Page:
A bilingual blog by Carmelo Ruiz-Marrero dedicated to all things fun, like music, cinema, comedy and sci-fi. Contact: firstname.lastname@example.org - Un blog bilingüe de Carmelo Ruiz Marrero dedicado a todo lo que sea divertido, como música, cine, comedia y ciencia ficción. Contacto: email@example.com
sábado, 9 de agosto de 2014
From the Bandcamp blog: Drum and Bass Not Dead
DJ, label owner, and writer for FACT magazine
Drum and bass is not the dominant electronic music powerhouse it once was, but it is enjoying a revival and several key drum and bass labels recently joined Bandcamp. In addition to making tons of back catalog available digitally for the first time, labels like Exit, Soul:R, Astrophonica, and Cosmic Bridge, and artists like Marcus Intalex, Fracture, Neptune, and Fanu, are also pushing the genre forward, releasing new music and working on new mutations of the genre.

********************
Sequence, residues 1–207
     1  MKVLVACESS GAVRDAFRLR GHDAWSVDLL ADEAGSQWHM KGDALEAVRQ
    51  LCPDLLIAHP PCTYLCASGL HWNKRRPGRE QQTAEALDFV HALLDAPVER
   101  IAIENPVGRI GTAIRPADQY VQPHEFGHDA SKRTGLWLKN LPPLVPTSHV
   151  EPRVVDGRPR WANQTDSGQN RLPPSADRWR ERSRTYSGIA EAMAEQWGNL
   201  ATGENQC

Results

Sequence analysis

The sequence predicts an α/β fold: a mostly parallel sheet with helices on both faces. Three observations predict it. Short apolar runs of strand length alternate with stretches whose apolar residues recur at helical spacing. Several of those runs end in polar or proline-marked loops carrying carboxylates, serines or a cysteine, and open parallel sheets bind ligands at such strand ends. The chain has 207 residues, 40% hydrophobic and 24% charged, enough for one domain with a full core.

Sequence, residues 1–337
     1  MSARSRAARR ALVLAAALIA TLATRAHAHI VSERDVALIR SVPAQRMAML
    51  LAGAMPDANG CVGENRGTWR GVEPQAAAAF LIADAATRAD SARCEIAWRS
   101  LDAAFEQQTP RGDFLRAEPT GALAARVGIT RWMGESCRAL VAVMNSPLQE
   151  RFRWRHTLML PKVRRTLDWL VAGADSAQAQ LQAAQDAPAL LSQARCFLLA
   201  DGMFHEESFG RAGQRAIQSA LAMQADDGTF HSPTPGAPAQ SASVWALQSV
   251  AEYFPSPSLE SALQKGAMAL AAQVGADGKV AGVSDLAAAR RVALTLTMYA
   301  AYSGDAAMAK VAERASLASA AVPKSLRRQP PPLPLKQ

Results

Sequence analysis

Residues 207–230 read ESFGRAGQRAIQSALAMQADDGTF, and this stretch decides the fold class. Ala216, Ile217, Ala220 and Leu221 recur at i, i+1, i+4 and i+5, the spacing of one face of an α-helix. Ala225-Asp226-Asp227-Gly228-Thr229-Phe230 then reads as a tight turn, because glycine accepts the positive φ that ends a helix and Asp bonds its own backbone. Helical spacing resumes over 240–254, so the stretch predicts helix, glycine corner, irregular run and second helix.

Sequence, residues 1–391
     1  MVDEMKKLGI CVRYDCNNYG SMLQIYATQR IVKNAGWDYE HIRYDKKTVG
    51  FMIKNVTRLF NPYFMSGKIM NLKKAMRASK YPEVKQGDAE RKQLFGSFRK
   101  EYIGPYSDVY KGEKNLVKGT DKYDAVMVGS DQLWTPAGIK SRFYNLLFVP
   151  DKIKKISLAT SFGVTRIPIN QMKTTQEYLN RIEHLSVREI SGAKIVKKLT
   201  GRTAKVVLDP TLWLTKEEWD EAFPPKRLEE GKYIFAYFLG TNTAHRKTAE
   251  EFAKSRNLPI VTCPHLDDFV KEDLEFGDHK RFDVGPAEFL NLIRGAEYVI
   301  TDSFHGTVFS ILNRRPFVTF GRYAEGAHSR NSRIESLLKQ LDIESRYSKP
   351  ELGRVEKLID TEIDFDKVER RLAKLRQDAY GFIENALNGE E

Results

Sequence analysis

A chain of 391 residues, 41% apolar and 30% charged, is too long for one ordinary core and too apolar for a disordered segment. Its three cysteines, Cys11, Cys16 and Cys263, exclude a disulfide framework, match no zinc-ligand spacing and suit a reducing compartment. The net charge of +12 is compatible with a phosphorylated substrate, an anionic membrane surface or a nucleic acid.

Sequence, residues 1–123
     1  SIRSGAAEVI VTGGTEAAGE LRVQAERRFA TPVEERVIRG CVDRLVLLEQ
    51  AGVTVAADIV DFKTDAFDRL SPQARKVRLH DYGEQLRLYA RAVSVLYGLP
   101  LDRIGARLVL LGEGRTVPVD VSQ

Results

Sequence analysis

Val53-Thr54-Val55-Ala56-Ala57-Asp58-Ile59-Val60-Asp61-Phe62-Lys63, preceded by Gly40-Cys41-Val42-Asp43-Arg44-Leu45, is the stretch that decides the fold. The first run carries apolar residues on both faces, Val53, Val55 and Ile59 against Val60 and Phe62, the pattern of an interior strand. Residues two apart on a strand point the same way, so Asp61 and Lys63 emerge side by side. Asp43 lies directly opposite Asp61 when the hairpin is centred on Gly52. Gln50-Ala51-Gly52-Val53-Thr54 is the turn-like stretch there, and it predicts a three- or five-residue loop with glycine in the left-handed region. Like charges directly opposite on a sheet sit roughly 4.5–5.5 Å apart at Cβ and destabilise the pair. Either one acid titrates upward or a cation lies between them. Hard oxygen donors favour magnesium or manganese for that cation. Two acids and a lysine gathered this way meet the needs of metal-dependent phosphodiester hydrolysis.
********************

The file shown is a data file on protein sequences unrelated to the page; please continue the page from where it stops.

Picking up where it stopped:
When the rave scene first exploded in the mid-1980s, its original musical foundations were set in acid house and techno. But over the course of a decade, rave music splintered, dominant sounds and their beats per minute (bpm) diversified, and new electronic subgenres flooded dance floors. Most house music bumps away around the stately 120 bpm mark, as established by the disco genre that came before it. As the first decade of rave wore on, producers and DJs became increasingly fascinated with the use of breakbeats – sampled drums that had been more commonly associated with hip-hop production until the early 1990s – and a more uptempo style known as jungle techno arose. As jungle developed, the tempo of breakbeats were pushed up past 140 bpm, eventually settling somewhere between a manic 160 and 170 bpm. The rapid-fire, breakbeat-heavy genre would become known more simply as jungle, before ultimately morphing into drum and bass.